Having a book is much like having a child. The early draft is messy and all over the place, like a wanton toddler wielding an ice cream cone. The next drafts go through phases where you are learning about your story and your book is learning to fall into shape, like elementary school children lining up for recess. The final drafts are sent to others for their help in shaping the story: beta readers, editors and others will read and test your prose, helping polish the final product before it graduates into the real world. And finally, when your book is about to be published, you have to let it go out into the world. You have to change modes and give up control. It’s a tough thing to do, but like a proud mother, it’s wonderful to see your child make its way in the world.
A few months ago, I decided to stop procrastinating and make some final decisions about my novel, Shattered Angel, so that it could be published. From there, the process just took off. I had the manuscript copy edited, I made final changes, I sent it to a cover art and interior setup company, then waited impatiently for the first drafts to arrive. Then I made additional changes.
In the meantime, I attended the Left Coast Crime 2019 convention, Whale of a Crime, in Vancouver and talked to people about my new book. I was getting used to talking about myself in that way and about my novel. I worked with my partner, Heather Haven, to make some crucial decisions about when the book would be released by The Wives of Bath Press on Amazon (May 15, 2019). And I practiced reading aloud, because I had two book readings scheduled already. It was all happening so fast.
This past weekend, I participated in several events on Orcas Island, including the Orcas Island Lit Fest and “Use Your Words,” a literary salon at the Barnacle. I got to do two readings and meet a number of people to talk about my book. That was very exciting and positive.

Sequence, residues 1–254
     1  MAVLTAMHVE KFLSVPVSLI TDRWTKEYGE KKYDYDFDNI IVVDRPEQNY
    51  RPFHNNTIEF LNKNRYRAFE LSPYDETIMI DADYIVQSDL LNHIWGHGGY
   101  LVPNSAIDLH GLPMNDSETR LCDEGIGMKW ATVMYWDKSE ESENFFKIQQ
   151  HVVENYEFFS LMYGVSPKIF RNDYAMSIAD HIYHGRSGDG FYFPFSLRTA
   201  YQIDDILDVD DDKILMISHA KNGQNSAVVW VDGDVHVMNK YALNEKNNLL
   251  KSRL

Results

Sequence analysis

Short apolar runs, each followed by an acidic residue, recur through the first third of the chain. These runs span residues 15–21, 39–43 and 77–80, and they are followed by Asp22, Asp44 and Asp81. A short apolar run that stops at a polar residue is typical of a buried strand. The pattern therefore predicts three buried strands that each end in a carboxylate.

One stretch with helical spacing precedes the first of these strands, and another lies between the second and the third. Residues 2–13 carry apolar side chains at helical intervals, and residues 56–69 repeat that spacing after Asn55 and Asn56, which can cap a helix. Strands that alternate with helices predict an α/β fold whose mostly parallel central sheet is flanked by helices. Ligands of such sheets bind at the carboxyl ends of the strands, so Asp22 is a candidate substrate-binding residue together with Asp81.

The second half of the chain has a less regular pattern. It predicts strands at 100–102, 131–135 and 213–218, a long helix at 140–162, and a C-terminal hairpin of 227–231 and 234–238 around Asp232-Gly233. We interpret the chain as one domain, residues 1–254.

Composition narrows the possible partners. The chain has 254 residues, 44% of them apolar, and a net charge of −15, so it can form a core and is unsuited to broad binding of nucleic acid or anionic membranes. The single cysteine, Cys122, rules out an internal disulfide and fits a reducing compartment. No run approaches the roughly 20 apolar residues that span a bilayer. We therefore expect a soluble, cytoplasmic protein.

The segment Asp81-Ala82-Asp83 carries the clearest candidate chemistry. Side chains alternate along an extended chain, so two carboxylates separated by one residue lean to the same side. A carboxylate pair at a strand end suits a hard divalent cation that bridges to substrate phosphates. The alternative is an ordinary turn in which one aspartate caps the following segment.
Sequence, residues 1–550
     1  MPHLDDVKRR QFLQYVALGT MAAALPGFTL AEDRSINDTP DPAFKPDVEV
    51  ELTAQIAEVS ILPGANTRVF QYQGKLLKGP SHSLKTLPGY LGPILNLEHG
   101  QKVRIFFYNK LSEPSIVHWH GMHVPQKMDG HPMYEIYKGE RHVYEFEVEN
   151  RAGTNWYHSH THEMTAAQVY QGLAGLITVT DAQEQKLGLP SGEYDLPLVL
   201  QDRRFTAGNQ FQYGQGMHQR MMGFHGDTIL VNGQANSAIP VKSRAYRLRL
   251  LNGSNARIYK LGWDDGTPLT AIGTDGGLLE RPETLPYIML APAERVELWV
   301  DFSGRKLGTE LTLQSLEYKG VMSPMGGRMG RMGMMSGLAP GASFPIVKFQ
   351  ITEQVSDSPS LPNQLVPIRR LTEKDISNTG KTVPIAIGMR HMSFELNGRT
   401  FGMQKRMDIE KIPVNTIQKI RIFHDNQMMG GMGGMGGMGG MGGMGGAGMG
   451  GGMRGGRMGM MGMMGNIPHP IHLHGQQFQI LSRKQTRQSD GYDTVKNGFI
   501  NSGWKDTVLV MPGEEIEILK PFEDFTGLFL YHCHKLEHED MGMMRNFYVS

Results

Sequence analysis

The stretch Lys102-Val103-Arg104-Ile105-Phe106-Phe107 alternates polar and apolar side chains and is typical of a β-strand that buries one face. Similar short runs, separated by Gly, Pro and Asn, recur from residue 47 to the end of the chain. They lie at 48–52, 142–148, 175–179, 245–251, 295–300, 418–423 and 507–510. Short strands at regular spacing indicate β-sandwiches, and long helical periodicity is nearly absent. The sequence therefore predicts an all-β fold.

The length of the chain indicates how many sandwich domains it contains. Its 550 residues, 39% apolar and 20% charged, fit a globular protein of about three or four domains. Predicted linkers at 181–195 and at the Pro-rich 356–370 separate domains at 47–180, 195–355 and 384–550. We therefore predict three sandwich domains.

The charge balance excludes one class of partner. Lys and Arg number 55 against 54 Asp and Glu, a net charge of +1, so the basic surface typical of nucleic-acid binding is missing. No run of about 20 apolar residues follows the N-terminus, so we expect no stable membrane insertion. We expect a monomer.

Now I’m planning the release party, working on cover details, setup details with Amazon and thinking about marketing. There is so much to do and so many avenues to follow when you are independently publishing your book. It’s a daily job.
And I’m living in 1923 in my head half of every day, because life there goes on, too. Adriano Morelli has a new client and a new mystery to solve.
In 2004, I was at home with two small kids and looking for an online writing community. In my search, I found a friend, a fellow writer with whom I clicked. It’s not that common. He wrote in first person and was charismatic and exuberant in his writing. I wrote in third person and was cautious and finding my way, more of an editor than a writer. But we soon began finishing each other’s sentences, literally.
Jim Sands had written the draft of a novel, but he wasn’t happy with it. It needed work. He started sending me chapters, one at a time. Finally, after the third or fourth chapter, I asked him to send me the whole draft. After reading through it, I saw that it needed help in a number of areas. We talked at length and then decided to collaborate and rewrite the book.
We talked every day, not just about the pages we were working on, but on plans for the future of the story: publication, a series, possible translation to film or tv. Big dreams. But then in 2005, Jim died. He had been ill off and on, but it came suddenly. Before that, we had made plans for “one of us” to continue in the event the other couldn’t. But I didn’t expect it to be me or to be that soon.
The second draft sat in a “drawer” for years as I grieved and processed. When I tried to work on it, I heard Jim’s voice in my head and I tried to put his words on to the page, but there were so many questions that came up and I didn’t feel comfortable answering them alone. I missed him a great deal.
More years passed and I made several attempts at rewriting the book. These were blank page drafts, starting over from scratch if possible, but I kept coming back to the words that Jim and I had written together. Sections got rearranged, characters came and went, I decided to murder the title character after a long talk with my current writing partner, Heather.
Finally, I found the direction. The book became mine to work with. And I grew as a writer, learning much more craft that I tried to bring to the work. I also was my own major editor – finding the weaknesses and trying to resolve them. The book became deeper and finally finished.
Fifteen years is a long time to write a book. But we did it.
Thanks for joining me!
Good company in a journey makes the way seem shorter. — Izaak Walton